By: Kathleen Sheerin, M.D., Atlanta Allergy & Asthma Clinic
Kids love Halloween — the candy, costumes, haunted houses,
pumpkin carving — and all the ghoulish fun that comes with it. But for kids with
food allergies (1 in 13 nationally, approximately 15 million), it can be a
tough holiday, creating a feeling of exclusion from the festivities and
solitude from their friends. But that doesn’t have to be the case. There are
plenty of ways to fully participate in, and safely enjoy, the holiday.
Year-round vigilance is required to avoid an allergic
reaction from a food allergen, and it’s even more important on a day loaded
with all types of candy that can have danger lurking just beneath the wrapper.
Halloween candy can include the most common food allergy culprits — milk, eggs,
peanuts, tree nuts, and wheat — so advance preparation is necessary to keep
your ghouls and goblins safe while they enjoy the fun.
“Parents that have a child with a food allergy know to
carefully inspect Halloween candy, but they may overlook other common holiday
items that can cause allergy and asthma symptoms,” said allergist Stanley
Fineman, MD, of Atlanta Allergy & Asthma Clinic, and past-president of the
American College of Allergy, Asthma and Immunology. “There are several steps
parents should take to ensure their child remains healthy and symptom-free no
matter the season.”
Here are a few tips for ensuring a safe Halloween:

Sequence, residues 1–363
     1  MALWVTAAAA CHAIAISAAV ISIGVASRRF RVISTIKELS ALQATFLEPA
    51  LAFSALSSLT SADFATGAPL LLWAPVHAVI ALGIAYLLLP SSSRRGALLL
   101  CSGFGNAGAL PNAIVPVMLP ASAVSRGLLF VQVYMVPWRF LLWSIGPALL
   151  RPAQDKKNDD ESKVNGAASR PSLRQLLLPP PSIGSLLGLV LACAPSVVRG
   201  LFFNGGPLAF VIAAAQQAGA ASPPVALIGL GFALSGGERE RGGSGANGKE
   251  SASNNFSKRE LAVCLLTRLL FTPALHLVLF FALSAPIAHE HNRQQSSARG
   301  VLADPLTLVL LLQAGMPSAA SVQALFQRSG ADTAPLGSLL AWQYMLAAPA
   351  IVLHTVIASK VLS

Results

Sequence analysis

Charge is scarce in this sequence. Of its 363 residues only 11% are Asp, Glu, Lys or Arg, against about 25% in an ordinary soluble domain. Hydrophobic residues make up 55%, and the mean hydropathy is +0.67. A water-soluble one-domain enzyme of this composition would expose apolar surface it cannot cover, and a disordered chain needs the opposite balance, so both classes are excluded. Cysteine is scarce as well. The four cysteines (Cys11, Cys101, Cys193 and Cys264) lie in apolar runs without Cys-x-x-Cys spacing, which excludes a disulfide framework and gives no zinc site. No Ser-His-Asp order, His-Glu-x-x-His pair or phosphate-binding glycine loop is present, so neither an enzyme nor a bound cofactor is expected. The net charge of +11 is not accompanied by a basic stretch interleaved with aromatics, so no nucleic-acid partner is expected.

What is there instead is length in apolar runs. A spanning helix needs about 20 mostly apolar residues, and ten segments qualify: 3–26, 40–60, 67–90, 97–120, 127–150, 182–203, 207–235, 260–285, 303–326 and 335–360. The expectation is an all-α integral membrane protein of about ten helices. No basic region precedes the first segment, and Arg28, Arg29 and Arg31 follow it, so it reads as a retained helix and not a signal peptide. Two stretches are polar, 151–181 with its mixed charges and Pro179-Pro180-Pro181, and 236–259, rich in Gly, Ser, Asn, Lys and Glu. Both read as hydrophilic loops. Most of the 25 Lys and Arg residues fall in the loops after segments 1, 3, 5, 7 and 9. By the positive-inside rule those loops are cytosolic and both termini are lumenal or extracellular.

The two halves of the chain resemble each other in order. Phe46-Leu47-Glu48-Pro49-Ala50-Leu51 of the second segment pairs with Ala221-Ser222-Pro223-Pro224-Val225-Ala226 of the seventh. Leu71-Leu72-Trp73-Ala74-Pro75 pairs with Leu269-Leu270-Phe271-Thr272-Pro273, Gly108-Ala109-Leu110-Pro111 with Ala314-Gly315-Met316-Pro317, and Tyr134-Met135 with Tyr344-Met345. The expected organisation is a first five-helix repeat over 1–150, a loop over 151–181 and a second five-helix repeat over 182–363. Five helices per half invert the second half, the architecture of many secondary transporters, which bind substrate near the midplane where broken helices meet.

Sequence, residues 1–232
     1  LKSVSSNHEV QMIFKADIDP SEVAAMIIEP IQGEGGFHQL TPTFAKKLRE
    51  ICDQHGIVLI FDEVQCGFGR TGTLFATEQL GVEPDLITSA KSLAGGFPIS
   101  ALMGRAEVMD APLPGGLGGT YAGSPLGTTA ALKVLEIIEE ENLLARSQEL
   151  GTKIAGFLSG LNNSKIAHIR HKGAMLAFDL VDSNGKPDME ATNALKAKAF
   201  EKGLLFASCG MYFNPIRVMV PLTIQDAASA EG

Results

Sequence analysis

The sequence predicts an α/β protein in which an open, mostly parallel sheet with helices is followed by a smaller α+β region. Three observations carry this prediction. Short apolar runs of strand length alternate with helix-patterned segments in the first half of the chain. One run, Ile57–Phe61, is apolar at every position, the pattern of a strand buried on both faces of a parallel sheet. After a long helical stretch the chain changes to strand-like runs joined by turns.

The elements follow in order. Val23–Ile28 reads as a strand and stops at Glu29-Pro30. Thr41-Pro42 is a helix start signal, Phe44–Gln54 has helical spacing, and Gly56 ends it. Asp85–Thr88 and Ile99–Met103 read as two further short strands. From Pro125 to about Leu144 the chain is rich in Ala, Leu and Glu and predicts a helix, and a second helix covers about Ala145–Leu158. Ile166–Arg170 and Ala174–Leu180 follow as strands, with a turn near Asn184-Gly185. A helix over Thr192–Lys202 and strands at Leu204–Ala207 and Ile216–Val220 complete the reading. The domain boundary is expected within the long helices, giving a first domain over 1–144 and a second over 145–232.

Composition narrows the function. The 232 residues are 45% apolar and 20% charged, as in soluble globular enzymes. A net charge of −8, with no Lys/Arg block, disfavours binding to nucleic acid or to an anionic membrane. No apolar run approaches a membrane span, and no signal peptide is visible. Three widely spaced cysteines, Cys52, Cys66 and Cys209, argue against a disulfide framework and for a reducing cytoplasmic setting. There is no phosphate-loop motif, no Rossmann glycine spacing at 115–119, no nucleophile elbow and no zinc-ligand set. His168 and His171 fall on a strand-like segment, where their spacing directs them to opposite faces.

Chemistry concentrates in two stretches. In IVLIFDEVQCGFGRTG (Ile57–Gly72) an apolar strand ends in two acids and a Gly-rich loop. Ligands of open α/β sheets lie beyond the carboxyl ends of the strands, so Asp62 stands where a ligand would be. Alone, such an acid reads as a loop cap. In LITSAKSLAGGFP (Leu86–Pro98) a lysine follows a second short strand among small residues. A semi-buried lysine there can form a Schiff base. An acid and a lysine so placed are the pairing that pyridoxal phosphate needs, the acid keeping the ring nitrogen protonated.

· Carefully read all the ingredients in a piece of
candy before eating. Be aware that the mini-versions of a candy are sometimes
prepared on different machinery and could have come in contact with nuts or
other allergens. They can also have slightly different ingredients.
· Enforce a “no eating while trick-or-treating”
rule so you have time to review all food labels.
· Carry your epinephrine auto-injector (Epi Pen or
AuviQ) while trick-or-treating; also consider carrying handy wipes for your
little Snow White’s hands.
· Give neighbors safe Halloween treats in advance
to hand out to your food allergic child
· Prepare a container filled with safe treats in
advance, and then swap it for the treats collected.
· Plan an alternate activity, such as a party or
scavenger hunt around the neighborhood for safe treats.
· Trade unsafe candy for allergen-safe treats or
age-appropriate non-food items once your children return home. Non-food ideas
include coloring books, storybooks, pencils, stickers, stuffed animals, toys,
cash, and play dough.
Remember to focus on the FUN not the food. Happy Halloween!
Dr. Sheerin practices at
the Atlanta Allergy & Asthma Clinic Lawrenceville office. For more information, visit